Saturday, October 03, 2015

Why I am worried about AAMD's new "safe haven" protocols

Brian Daniels, whom I greatly respect for the important work he and his colleagues are doing to try to monitor and help Syrians safeguard archaeological sites and artifacts, is happy about the AAMD's announcement of safe haven protocols for antiquities from conflict zones. Here's Brian's facebook post, which many other fellow heritage protection advocates are retweeting approvingly:
"Quite possibly one of the most important developments in the field of cultural heritage policy in recent years. Not only does the AAMD declare its support for the 1954 Hague Convention, but it will treat objects in AAMD member museum safe havens as loans--not permanent acquisitions. (As such, a U.S. museum would need to follow U.S. law for an international museum loan to participate). The guidance outlined here is what framers of the 1954 Hague Convention had in mind for museums following World War II."
I cannot share this enthusiasm. Framers of the 1954 Hague Convention did not have in mind, objects dug up from archaeological sites by private parties, smuggled out of Syria to Turkey or Dubai and then bought up by dealers or collectors. There was nothing like the global market for illicitly excavated antiquities in 1954 that there is now. And the AAMD protocols, I worry, include provisions that will encourage more looting and smuggling of artifacts.

Here's the relevant section of the AAMD protocols, with the problematic language italicized:

II. The Source of Works In Need of Safe HavensIn the event of a terrorism occurrence or during an armed conflict or natural disaster, works may be brought for safe haven in the United States, Canada or Mexico from any depositor, assuming of course compliance with applicable law (see below).  Predetermining who may request such assistance in the abstract is not always possible, but may include the legal owner of a work, the agent for the owner, the bailee of a work, the custodian of a work, and a person or entity who comes into possession of the work and the owner is unknown, unavailable or legally constrained [sic] (collectively, a “depositor”).  Examples of a depositor are:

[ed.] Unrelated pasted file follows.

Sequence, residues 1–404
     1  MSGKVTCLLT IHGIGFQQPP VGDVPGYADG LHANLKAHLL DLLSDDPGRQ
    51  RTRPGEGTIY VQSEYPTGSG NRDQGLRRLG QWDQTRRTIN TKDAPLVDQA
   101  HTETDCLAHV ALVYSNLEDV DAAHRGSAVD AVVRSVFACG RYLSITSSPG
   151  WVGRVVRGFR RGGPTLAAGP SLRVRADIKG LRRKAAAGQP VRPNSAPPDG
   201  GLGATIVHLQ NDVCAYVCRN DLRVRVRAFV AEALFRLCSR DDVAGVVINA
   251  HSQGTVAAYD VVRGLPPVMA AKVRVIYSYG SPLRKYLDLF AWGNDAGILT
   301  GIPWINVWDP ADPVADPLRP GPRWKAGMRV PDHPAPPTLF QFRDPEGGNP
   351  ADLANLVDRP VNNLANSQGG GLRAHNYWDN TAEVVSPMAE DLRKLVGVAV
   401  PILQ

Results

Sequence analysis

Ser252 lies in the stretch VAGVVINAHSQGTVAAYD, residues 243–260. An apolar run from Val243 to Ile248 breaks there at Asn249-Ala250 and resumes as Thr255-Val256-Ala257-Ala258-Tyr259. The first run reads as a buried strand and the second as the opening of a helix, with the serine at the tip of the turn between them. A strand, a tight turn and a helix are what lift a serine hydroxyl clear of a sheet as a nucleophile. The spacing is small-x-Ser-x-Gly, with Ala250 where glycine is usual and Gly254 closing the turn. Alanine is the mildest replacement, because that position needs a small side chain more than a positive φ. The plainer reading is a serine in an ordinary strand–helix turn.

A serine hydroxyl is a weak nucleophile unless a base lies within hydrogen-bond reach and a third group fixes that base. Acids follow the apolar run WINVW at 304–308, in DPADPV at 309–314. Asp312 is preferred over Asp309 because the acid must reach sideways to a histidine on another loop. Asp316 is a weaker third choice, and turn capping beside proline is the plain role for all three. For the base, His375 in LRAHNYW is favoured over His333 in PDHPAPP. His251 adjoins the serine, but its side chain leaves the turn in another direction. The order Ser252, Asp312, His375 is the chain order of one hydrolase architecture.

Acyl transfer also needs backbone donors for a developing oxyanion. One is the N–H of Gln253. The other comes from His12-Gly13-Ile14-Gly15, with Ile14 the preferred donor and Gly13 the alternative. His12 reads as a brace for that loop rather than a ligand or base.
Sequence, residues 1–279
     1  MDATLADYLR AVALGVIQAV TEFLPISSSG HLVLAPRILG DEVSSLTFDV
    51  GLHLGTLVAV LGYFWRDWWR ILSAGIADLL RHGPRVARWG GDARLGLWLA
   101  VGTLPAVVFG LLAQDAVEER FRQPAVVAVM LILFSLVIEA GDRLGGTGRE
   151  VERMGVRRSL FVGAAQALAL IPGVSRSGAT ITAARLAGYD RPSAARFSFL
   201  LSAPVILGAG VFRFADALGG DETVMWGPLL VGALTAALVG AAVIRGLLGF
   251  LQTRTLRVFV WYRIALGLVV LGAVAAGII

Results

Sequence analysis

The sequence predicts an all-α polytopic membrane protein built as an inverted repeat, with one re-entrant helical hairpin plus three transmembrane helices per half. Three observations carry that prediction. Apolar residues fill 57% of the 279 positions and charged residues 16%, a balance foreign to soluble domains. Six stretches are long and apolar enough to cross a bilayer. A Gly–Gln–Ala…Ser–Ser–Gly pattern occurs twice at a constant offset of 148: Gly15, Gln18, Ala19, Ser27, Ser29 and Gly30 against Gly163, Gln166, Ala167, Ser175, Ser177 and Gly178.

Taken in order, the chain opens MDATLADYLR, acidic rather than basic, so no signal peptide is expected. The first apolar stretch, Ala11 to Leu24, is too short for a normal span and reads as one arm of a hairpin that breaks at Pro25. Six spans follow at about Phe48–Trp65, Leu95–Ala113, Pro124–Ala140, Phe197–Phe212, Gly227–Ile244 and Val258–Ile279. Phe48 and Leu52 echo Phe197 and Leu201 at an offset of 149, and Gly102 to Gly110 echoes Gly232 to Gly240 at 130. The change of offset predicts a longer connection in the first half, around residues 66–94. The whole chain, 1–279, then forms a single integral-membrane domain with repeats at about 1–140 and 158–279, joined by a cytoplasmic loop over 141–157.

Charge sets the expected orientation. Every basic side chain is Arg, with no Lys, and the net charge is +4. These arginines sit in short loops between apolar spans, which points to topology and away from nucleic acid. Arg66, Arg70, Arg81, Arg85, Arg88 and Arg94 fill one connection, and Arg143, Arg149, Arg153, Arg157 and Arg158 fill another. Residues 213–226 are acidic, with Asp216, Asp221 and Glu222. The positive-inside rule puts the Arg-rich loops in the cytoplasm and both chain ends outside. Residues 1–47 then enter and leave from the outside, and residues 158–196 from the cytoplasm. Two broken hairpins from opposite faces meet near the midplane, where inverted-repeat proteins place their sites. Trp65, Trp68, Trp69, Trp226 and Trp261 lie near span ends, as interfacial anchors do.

• Museums in the affected area that hold works;
  • Governmental entities of or within the affected areas;
  • U.S. government authorities who have seized works on entry to or in the United States; or
  • Private individuals, companies or organizations who own or come into possession of works, whether in the affected area or after removal from the area.
Member museums should exercise caution to assure that accepting the request for safe haven will not violate the rights of lawful owners, subject the museum to a claim for return, reflect negatively on the reputation of the museum or cause the museum to be involved in any illegal or unethical activity.  Requests for safe haven and agreements to accept such requests should be documented where possible prior to movement of works to be transferred.
The garbled syntax in the first italicized phrase is a tell, indicating that this is an issue the AAMD must have been wrangling. With good reason. The last quoted paragraph above notwithstanding, the protocols give a green light to museums to accept as loans artifacts purchased from the networks that are paying looters to continue to dig, networks that in some cases are run by or beholden to ISIS. Those who purchase such blood antiquities will now be able to loan them to a museum, which will provide the buyers with a patina of legitimacy and museum approval that will increase the value of the artifact when it is returned to them. 

Taking as loans artifacts from museums, government entities, or seizures is an excellent idea. Taking as loans artifacts bought from the illicit market is a terrible idea.

, seeing it as marking a welcome albeit belated move that 

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